Hello reading friends!

Here in northern Scotland, we’ve enjoyed some beautiful frosty days but it has also grown darker and so it felt right to spend time exploring the spookier/ supernatural side of fiction, reading The Mermaid and Mrs Hancock, The Mercies, as well as the Dark Stories collection.

Since travel is still out for most of us, I enjoyed escaping to the Finnish coastline with A Winter Book, and to Japan with The Phone Box at the Edge of the World. Both books are loosely based on fact.

And for a powerful, thought-provoking novel that stayed with me long after I had finished, checked out Home.

In December, I plan on indulging my love of festive reading and, given circumstances will be different this year, perhaps I will have more time than usual to relax with fantastic reads.

In the meantime, I hope you and yours stay safe and well.

Happy reading!


The Phone Box At The Edge Of The World by Laura Imai Messina is one of the most original love stories I’ve enjoyed. Set in Japan in the aftermath of the devastating 2011 tsunami, Yui has lost both her mother and young daughter and, like many others, finds it impossible to move on. Then she learns of the wind phone, where people lift the receiver and talk, enabling the wind to carry their words to those who have gone before. It is there she meets Takeshi and her journey of hope begins.

I found it fascinating that the novel was inspired by a real wind phone, situated in Bell Gardia, northern Japan, established and maintained by a couple who opened their garden to the bereaved and now receive visitors from around the globe. Naturally, there is sadness and loss in a novel about grief, but there is also friendship and strength, courage and love. Poignant snippets of the everyday lives of both the deceased and those who remain are intermingled with the main plot, offering an interesting glimpse into modern Japanese culture.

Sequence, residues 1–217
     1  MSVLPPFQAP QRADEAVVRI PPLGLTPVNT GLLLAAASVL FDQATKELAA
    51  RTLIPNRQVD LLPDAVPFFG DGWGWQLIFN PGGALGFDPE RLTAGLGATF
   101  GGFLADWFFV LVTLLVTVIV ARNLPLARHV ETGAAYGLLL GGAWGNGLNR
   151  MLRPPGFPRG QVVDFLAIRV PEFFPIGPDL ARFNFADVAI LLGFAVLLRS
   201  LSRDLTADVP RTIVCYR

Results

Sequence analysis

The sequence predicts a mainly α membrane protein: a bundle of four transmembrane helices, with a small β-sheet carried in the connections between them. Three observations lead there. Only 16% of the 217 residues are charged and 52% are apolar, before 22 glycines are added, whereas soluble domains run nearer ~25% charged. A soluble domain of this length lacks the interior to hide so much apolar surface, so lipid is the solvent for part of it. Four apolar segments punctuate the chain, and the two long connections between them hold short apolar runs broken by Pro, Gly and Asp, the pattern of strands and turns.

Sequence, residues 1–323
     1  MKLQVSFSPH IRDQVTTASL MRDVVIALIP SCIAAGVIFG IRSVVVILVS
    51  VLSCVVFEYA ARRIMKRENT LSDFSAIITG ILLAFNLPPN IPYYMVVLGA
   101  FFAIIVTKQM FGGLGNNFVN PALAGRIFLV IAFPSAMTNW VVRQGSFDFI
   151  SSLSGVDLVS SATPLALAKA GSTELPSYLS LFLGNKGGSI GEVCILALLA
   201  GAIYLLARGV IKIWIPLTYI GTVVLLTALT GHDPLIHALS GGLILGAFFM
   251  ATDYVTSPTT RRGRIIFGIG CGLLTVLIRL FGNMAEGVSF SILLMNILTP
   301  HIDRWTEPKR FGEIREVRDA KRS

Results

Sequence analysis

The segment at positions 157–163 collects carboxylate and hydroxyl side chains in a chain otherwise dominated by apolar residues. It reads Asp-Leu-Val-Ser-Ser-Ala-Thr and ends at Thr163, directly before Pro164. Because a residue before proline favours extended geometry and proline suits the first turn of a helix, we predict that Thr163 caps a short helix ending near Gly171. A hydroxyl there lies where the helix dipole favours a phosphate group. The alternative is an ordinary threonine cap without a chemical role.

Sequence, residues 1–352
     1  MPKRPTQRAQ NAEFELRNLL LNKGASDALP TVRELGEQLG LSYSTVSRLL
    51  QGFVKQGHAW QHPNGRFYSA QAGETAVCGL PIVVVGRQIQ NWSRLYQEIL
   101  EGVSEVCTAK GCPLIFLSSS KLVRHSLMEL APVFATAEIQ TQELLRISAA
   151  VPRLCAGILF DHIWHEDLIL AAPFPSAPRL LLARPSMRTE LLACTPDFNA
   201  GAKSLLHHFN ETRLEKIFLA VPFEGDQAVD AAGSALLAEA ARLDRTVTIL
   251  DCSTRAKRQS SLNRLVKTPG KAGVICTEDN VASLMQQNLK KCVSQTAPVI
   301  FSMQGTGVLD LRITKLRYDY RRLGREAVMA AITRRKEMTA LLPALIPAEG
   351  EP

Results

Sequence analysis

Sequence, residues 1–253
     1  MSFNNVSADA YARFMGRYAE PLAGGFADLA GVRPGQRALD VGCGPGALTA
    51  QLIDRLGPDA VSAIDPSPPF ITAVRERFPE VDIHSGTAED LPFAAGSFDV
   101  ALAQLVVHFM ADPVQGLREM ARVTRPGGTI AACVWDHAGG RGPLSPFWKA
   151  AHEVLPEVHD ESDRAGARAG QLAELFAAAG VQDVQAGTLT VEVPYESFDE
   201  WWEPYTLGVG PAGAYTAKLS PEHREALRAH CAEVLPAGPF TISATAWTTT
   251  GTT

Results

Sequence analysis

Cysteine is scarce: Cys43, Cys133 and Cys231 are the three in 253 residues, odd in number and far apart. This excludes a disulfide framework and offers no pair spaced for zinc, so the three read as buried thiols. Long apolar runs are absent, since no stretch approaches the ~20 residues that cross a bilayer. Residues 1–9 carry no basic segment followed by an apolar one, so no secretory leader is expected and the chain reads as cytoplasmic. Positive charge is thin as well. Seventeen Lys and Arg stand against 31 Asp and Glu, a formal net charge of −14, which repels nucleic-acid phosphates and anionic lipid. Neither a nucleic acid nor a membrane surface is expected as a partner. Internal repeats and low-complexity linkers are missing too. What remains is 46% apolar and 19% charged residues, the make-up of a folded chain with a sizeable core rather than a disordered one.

In short, The Phone Box at the Edge of the World is balm for the soul – an enlightening, gentle love story, beautifully told.

Home by Amanda Berriman is perhaps the most powerful novel I’ve read this year. Told in the voice of four-year-old Jesika, we learn of life with her mum and baby brother in accommodation where paper peels from the walls and the landlord is quick to increase the rent.

There are a number of heart-breaking themes including poverty and homelessness, and (without creating any spoilers) one particular theme that I found exceptionally difficult to read. Using a child narrator, which does take a little getting used too, is a genius way of the author developing an even greater sense of dread. This is a well-crafted novel and I don’t wish to give the impression that Home is a miserable book. Jesika is a wonderful little girl and a character I will definitely remember. The community spirit and kindness shown, by both local shopkeepers and the owner of the laundrette, are an uplifting counter-balance to the problems the family face. Jesika’s innocent optimism is a reminder of why all children should be offered the very best start in life…


The Mermaid and Mrs Hancock by Imogen Hermes Gowar was a complete joy to listen to on audiobook. It is 1785 and Jonah Hancock finds himself a widower, despairing when a sea captain sells his ship for a mermaid.  However, London’s high society loves the quirky and curious, and soon the mermaid sweeps Mr Hancock to places he doesn’t usually frequent. Meanwhile, Angelica Neal is a courtesan conscious of the passage of time and anxious to find true love, before her beauty fades.

First off, as the story partially revolves around the goings-on in a house of dubious repute favoured by the city’s elite, it is a bit raunchy in places. However, it is also packed with fantastic wit and humour, like a fine soap opera. We are introduced to a wonderful cast of characters (think Dickensian in the way they leap off the page). As well as Jonah and Angelica Neal, we have Sukie (Mr Hancock’s reliable, resourceful niece), Mrs Chappell – the madame (whom I loved) and more.